Suspected paint dump spreads fumes in Steamboat townhomes

Storm drains used as dumping


— The apparent chemical dump that affected residents at Mountain Vista Townhomes in Steamboat Springs earlier this month serves as a reminder that grated storm drains lead directly to the environment and, ultimately, the Yampa River.

City of Steamboat Springs Water Resource Manager Kelly Romero Heaney said she and Steamboat Fire Rescue, as well as personnel from the city street and water departments, responded March 2 to the townhouse complex in the Hilltop/Tamarack neighborhood after the fire department received a report of strong odors in the buildings.

“It appears somebody had dumped what was likely stain or lacquer or something into the storm drain … and even though it appears to have been less than five gallons ... the vapors were so strong they were able to move back into the building through the foundation drain pipe and were seeping into (the) crawl space.”

Don’t dump it in the storm drain

Routt County residents can take advantage of a paint-recycling program authorized by the Colorado Legislature in 2014 that partners retailers with a nonprofit called PaintCare to collect and recycle all but 2 to 4 percent of unwanted painting at no additional charge.

The program is funded by a state law that imposes small fees on paint purchases, beginning at 35 cents for pints and quarts and increasing to 75 cents for gallons and $1.60 for five-gallon buckets. As a result, people dropping paint off at the recycling program won't have to pull out their debit cards.

Participating retailers in Steamboat Springs are Ace at the Curve, 2155 Curve Plaza, and Sherwin Williams, 385-A Anglers Drive.

There are some restrictions — the program will reject paint in containers without the original label. For more information, visit

Steamboat Police investigated the incident — one of four illicit discharges that week — and the matter was reported to the Colorado Water Quality Control Division.

In Colorado, there are penalties for failing to report the release of any hazardous pollutant or contaminant into the natural environment.

Since 2015, appropriately disposing of unwanted paint products in Steamboat has been convenient and come with no additional charge. Two retailers here — Ace at the Curve and Sherwin Williams, one on either side of town — will accept old paint and stain at no charge.

Romero Heaney manages the city's stormwater permit with the Colorado Department of Health and Environment. The city has for years alerted residents not to dump chemicals and other compounds into storm drains. With the help of students and Yampatika, images of trout and a cautionary message are stenciled on concrete gutters adjacent to storm drains. But in the latest case, the suspected chemical dump took place on private property, where the drain was part of the internal storm water management system.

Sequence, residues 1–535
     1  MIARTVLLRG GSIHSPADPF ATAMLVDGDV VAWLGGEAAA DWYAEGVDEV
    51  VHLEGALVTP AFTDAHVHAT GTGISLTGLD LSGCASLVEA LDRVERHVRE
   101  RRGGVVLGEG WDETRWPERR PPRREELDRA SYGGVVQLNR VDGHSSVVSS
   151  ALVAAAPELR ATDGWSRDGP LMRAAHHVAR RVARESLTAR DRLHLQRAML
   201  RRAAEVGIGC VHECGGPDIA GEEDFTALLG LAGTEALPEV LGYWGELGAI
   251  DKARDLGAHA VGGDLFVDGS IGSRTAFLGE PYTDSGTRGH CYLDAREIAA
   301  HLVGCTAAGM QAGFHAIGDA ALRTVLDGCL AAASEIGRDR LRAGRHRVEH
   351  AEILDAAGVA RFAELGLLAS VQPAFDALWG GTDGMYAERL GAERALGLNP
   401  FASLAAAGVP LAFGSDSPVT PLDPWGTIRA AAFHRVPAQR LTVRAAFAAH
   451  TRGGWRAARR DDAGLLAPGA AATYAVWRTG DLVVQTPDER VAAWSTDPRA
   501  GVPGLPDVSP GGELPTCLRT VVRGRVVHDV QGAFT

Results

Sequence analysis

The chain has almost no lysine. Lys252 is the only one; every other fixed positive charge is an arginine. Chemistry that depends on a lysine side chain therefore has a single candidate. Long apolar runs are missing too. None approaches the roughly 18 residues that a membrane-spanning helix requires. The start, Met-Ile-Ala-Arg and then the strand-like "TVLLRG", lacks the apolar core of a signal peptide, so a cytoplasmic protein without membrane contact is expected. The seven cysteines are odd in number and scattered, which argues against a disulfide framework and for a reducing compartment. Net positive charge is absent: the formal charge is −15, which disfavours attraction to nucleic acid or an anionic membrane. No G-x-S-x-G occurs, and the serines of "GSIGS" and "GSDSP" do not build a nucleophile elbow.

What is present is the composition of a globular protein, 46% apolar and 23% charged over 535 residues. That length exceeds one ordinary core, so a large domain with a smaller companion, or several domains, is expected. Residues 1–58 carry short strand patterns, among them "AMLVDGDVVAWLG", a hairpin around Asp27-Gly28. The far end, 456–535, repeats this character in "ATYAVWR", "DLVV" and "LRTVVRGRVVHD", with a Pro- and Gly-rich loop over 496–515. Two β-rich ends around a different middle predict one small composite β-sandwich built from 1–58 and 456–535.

Romero Heaney said it appears the chemicals (samples are undergoing testing at a local lab) found their way into a small cattail pond on the property off Tamarack Drive and moved back into the residential buildings through a foundation drainpipe, then the crawl space. The odors were persistent enough they affected occupants for several days.

“It was volatile enough that, after a few days, it did dissipate,” Romero Heaney said. “But, in the meantime, the vapors were going right into nearby homes.”

The purpose of storm drains is to move snowmelt and water that has collected during rain storms away from buildings. According to the state health department, the common negative effect of illicit dumping into urban storm drains is the potential buildup of heavy metals, including lead and zinc. High levels of coliform bacteria are also present in urban runoff.

The town of Hayden, downstream from Steamboat, draws its water from the Yampa River, and the the state health department noted that chemicals introduced into waterways through storm drains often affect drinking water sources. This, in turn, impacts the cost of treating the water and can lead to human health issues.

To reach Tom Ross, call 970-871-4205, email or follow him on Twitter @ThomasSRoss1


Stuart Orzach 2 weeks ago

What's a few gallons of paint compared to the tons of dog waste that wash into our streams and rivers every year? When does dog waste become an environmental hazard?


Ben Tiffany 2 weeks ago

Stuart, As bad as large amounts of dog waste washing into our streams,rivers and lakes each year might be,I'm guessing that it is easier to clean up than seriously hazardous chemicals. I don't know how a water treatment plant deals with several gallons of lacquer thinner or its equivalent passing through its cleaning systems;they must have a way,because obviously this sort of thing happens.


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